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Sorensen: How the ‘Friends of the Children’ Mentorship Program Helps Vulnerable Youth Thrive

June 11, 2017

Terri Sorensen
Terri Sorensen

Terri Sorensen is president of Friends of the Children.

Terri Sorensen is president of Friends of the Children.
Talking Points

Friends of the Children: New study shows the benefits of a unique mentorship program

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Michael, who lives in Portland, Oregon, is the youngest of three kids. His mother, a domestic violence survivor, became a mom at age 16. When Michael was 4 years old, his father passed away in prison.

Family circumstances such as these can send kids in a downward spiral, one for which Michael was certainly at risk. But in kindergarten, he was selected to participate in Friends of the Children, a 12.5-year professional mentorship program. He began working with his mentor, or Friend, Gary, which changed Michael’s life.

When Gary first met Michael, Michael was dealing with sadness, abandonment, depression, and aggression. In first grade, he was suspended 15 times for aggressive behavior. Michael didn’t enjoy school and fell behind.

Gary worked with Michael to develop problem-solving and self-management skills. He built Michael a road map, which included using the game of basketball to teach critical social and emotional skills. On the court, Gary would talk through strategies with Michael to deal with his frustrations using the same strategies for self-management and problem-solving that he would need to be successful in school. At the same time, Gary worked with Michael directly in the classroom to apply those skills.

Gary saw the need for extra support for Michael. He worked with Michael’s mother to advocate for him and helped her to understand her son’s emotional and educational challenges.

In second grade, Michael was suspended 11 times, an improvement over the previous year, but he continued to struggle.

Then Gary nominated Michael to be a speaker at a Friends of the Children event, which helped Michael work on his writing, reading, and speech skills. Michael successfully delivered his speech to more than 600 people, including his mother, his teacher, and community members. It was a proud moment for all.

After the event, Michael would often put on the suit he wore that night and declare, “I am Obama. I am Obama!” He began to thrive.

After second grade, Michael was never suspended again. Today, Michael is in the ninth grade. He keeps in touch with Gary, enjoys school, and is a solid student. He is engaged in his education, made his own decision about which high school to attend, and is thinking about college.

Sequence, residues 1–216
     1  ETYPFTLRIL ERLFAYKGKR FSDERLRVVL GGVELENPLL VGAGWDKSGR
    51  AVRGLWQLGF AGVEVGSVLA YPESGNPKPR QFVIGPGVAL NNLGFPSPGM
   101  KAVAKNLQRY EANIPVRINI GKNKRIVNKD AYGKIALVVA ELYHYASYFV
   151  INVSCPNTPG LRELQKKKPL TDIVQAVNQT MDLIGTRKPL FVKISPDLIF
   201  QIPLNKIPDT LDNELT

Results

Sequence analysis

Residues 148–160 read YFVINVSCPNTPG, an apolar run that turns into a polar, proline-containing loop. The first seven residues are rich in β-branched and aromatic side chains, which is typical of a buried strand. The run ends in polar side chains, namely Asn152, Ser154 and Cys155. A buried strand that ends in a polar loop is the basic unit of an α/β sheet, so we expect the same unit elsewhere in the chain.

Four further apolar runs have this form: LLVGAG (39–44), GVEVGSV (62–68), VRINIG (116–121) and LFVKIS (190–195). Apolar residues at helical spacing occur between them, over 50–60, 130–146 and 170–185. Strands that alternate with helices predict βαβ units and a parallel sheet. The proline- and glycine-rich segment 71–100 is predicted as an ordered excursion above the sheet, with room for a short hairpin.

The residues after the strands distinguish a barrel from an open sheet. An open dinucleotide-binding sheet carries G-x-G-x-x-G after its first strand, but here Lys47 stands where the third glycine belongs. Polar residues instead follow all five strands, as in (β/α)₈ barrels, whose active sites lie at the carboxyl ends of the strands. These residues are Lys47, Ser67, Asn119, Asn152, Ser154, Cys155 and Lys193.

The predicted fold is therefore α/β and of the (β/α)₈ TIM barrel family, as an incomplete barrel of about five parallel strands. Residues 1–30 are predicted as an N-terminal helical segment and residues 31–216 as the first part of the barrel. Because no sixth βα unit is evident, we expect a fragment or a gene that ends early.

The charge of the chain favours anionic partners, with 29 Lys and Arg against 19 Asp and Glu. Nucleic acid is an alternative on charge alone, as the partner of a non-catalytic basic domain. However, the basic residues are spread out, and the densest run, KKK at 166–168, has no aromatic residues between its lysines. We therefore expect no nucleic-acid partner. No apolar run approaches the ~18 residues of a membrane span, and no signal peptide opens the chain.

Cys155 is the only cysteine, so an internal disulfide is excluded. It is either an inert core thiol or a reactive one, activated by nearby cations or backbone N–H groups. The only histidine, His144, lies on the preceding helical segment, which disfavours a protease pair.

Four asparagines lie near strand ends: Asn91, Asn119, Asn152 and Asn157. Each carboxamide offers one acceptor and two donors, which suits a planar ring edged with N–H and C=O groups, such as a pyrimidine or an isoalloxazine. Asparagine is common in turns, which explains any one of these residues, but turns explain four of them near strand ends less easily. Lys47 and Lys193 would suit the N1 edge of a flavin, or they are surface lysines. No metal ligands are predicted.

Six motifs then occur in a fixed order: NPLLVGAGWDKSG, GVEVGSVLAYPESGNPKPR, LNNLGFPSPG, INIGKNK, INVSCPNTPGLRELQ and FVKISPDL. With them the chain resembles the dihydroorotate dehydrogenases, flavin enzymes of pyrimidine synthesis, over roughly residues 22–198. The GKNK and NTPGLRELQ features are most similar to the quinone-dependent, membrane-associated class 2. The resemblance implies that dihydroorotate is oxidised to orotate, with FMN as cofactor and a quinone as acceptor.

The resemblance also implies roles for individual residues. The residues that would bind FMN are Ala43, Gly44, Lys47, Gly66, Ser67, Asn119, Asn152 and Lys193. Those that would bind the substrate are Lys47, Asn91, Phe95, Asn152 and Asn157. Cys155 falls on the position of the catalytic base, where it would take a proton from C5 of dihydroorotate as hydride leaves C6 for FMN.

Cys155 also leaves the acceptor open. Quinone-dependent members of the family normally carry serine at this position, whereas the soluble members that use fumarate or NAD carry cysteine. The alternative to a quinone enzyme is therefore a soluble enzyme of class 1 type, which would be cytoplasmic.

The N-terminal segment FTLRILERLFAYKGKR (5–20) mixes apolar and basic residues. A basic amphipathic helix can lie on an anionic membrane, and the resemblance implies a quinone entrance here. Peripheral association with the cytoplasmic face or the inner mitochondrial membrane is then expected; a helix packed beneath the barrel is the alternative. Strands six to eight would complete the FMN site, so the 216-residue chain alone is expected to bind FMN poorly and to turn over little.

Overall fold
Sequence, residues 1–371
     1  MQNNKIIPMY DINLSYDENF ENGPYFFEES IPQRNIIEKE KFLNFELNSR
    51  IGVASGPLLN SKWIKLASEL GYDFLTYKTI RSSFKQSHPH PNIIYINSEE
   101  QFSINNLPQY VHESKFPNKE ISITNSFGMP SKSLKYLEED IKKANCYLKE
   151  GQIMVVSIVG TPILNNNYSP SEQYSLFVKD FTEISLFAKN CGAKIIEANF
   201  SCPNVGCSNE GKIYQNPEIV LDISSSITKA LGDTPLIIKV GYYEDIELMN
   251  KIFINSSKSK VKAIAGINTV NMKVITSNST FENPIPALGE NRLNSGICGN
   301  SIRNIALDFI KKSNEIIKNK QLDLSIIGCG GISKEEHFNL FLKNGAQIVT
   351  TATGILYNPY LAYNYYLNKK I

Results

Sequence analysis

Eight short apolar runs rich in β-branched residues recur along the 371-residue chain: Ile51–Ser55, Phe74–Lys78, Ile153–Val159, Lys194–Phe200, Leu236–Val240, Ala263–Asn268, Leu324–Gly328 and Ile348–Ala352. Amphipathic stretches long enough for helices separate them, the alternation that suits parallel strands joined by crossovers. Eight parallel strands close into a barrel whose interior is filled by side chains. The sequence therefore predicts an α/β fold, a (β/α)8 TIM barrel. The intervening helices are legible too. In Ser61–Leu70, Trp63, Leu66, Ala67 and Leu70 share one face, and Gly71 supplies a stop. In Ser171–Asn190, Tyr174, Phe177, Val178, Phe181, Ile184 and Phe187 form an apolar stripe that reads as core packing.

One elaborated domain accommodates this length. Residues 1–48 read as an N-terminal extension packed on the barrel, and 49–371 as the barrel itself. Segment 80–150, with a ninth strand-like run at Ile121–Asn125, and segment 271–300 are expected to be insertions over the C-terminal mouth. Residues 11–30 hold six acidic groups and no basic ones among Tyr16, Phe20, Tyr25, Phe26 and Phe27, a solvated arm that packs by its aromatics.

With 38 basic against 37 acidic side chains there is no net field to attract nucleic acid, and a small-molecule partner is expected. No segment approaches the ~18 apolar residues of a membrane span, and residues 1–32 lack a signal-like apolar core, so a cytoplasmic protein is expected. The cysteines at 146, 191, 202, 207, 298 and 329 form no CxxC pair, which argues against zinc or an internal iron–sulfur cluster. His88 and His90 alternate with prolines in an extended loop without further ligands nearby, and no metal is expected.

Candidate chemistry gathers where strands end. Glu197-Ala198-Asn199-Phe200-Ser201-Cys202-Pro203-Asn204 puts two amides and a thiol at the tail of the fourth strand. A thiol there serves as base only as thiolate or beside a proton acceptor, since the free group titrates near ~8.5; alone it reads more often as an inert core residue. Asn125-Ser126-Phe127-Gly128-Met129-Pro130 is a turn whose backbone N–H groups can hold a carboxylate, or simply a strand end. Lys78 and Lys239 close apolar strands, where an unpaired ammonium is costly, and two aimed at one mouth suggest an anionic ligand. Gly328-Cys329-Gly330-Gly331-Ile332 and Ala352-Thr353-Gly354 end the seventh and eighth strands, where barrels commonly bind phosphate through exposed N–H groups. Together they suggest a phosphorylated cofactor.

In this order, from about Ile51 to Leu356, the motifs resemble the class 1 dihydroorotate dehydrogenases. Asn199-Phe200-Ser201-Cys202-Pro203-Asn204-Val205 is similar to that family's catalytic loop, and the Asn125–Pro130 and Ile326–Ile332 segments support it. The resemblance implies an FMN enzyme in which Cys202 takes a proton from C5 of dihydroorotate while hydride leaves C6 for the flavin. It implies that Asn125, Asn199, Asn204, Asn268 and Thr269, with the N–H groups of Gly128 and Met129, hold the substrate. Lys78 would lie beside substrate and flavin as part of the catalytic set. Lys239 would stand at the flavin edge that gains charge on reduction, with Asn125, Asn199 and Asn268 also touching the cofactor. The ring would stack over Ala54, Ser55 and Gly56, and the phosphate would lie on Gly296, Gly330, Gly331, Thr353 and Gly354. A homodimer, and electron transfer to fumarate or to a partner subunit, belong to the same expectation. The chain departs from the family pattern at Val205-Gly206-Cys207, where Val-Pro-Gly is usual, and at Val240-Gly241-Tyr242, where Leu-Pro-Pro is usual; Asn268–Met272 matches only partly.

Stories like Michael’s are proof that Friends of the Children works.

A new study released a few weeks ago also shows that the program works, showing positive effects for vulnerable youth who participated in the Friends of the Children’s program. The study looked at Friends of the Children’s model, which pairs the most vulnerable kindergarten children with a trained, salaried, professional mentor through high school graduation.

The study showed positive school behavior and less trouble in school, with a trend for higher child behavioral and emotional strengths. The most promising effects were found in growth in positive parental and caregiver perceptions of a child. Participants built strong and positive relationships with their mentors, as well as multiple strong and positive relationships with other children in the program.

We know this program is a big commitment, but it has big payoffs.

The three primary markers for our success are: graduation from high school or obtaining a GED, avoidance of involvement in the juvenile justice system, and delaying pregnancy and parenthood until adulthood.

Historically, youth who have completed the program are likely to meet these outcomes, with 83 percent graduating from high school, 93 percent avoiding involvement in the juvenile justice system, and 98 percent avoiding early parenting, according to a separate study conducted by the Portland-based firm NPC Research.

Our children have a lot stacked against them. But by moving mentorship out of the volunteer realm and creating a caring, lasting relationship between our most vulnerable youth and a professional mentor from kindergarten through high school graduation, we can empower them to change their stories.

Our nation’s most vulnerable youth need more Friends like Gary who can guide them to see their own potential and to become healthy and contributing members in their communities. There are many more success stories like Michael’s that need to be written.

Michael’s name has been changed to protect his privacy.

Terri Sorensen is president of Friends of the Children.